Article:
That hat-trick wasn't quite enough to avoid a two-legged relegation play-off with Scottish Championship side Dundee United, but Cooke's side secured their Premiership status with a nailbiting penalty shootout win after a 1-1 draw over both legs.

He, and his team-mates, will be hoping for a less dramatic end to next year, while Cooke himself has his sights set on more first-team football and an injury-free campaign.

"We just want to start really well and make sure that we're not fighting in and around those bottom places," he said. "But you never know in football and again it's going to be a real tough season.

"Hopefully I've got over the little niggles and injuries that I've had all year and hopefully I can come back after pre-season nice and strong and ready to hit the ground running."

That sublime hat-trick was undoubtedly his highlight of his first professional campaign, but that first professional goal against Alloa and starting against Celtic - who won the Scottish domestic treble for the third season running - were also contenders.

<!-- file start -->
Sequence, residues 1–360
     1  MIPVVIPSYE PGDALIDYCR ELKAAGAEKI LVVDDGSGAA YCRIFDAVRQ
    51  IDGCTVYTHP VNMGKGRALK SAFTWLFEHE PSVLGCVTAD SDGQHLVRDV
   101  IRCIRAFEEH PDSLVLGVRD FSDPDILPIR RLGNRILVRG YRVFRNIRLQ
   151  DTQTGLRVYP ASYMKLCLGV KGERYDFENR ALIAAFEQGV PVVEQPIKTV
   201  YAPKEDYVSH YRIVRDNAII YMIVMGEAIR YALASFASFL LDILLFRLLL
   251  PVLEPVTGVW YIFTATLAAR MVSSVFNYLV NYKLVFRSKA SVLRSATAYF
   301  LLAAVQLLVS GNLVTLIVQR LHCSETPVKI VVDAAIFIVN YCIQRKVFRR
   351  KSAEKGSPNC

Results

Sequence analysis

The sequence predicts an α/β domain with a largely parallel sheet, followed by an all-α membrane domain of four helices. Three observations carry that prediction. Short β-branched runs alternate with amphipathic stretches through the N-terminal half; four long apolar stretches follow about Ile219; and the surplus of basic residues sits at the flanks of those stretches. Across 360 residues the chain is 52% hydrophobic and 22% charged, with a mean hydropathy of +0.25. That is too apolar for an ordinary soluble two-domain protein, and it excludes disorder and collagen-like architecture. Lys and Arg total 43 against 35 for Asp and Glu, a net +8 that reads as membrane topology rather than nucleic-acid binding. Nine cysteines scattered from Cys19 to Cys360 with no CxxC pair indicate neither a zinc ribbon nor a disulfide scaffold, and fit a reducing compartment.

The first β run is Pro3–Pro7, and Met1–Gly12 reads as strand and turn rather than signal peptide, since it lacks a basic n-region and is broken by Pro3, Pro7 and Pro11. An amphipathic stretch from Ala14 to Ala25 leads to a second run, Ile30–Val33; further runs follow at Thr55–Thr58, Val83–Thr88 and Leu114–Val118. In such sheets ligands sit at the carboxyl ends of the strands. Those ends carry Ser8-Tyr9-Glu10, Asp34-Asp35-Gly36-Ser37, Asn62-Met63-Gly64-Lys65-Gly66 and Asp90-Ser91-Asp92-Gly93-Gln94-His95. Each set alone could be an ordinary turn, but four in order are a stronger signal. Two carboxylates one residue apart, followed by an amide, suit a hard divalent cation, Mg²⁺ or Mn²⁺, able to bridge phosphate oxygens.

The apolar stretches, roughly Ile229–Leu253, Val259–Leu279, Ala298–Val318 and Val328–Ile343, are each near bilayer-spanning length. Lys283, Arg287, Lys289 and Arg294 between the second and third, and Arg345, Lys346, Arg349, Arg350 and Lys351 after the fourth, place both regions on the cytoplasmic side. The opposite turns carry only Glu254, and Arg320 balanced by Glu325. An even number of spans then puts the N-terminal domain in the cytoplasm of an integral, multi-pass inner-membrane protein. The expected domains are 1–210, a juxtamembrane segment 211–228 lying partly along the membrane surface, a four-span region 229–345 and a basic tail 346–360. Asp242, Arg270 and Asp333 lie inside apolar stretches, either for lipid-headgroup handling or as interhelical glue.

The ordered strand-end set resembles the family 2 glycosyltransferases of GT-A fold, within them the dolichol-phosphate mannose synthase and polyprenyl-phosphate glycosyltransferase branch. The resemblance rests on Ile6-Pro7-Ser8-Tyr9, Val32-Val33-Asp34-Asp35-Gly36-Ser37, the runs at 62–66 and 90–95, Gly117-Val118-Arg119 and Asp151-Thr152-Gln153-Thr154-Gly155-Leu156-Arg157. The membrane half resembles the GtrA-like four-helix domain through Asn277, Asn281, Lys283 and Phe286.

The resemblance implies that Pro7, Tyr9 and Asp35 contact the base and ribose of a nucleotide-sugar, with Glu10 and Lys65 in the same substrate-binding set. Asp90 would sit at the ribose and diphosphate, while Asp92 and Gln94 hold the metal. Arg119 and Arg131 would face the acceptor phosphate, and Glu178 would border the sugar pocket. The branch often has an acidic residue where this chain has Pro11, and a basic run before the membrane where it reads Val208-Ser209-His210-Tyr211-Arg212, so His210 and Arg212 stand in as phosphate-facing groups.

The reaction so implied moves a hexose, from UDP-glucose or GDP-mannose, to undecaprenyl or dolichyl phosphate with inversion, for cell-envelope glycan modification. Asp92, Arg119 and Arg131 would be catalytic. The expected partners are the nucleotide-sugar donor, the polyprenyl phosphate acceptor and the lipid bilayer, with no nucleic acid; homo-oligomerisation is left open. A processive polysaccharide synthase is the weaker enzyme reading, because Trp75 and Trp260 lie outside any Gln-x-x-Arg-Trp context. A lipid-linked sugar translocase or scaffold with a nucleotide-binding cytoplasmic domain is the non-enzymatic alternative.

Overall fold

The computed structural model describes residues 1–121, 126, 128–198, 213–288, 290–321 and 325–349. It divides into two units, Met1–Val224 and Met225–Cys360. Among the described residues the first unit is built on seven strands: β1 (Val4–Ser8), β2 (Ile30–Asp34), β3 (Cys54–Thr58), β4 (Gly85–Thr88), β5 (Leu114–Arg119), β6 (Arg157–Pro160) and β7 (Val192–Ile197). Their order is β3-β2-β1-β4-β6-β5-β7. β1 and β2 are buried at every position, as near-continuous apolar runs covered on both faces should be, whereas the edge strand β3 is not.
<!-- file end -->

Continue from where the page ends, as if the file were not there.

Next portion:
"Starting at Celtic Park was again another huge highlight," Cooke said. "In front of 50-odd thousand people on a Wednesday night with the light show and stuff like that was, coming from part-time football last year and playing in front of three or four hundred people, to get thrust into that environment, was again a huge day out for me."

Cooke has become an ambassador for Cornish football this season as the latest one of very few active professionals from the Duchy, and the support of those that have followed his progress has certainly not gone unnoticed.

He said: "I'd worked so hard down at Truro for so many years and people have followed my pathway, even from going from Penryn or Falmouth to Truro and it's nice that people are still following my pathway even though I'm not involved in Cornish football.

"I've had so many messages of support to make sure I'm doing all right and not only when things are going well, I've had a lot of messages from a people when times were really hard and when I wasn't even getting in the squad or when I was injured or whatever.

"It's been really pleasing from all of the support that people have given me from up and down the country but especially from Cornwall."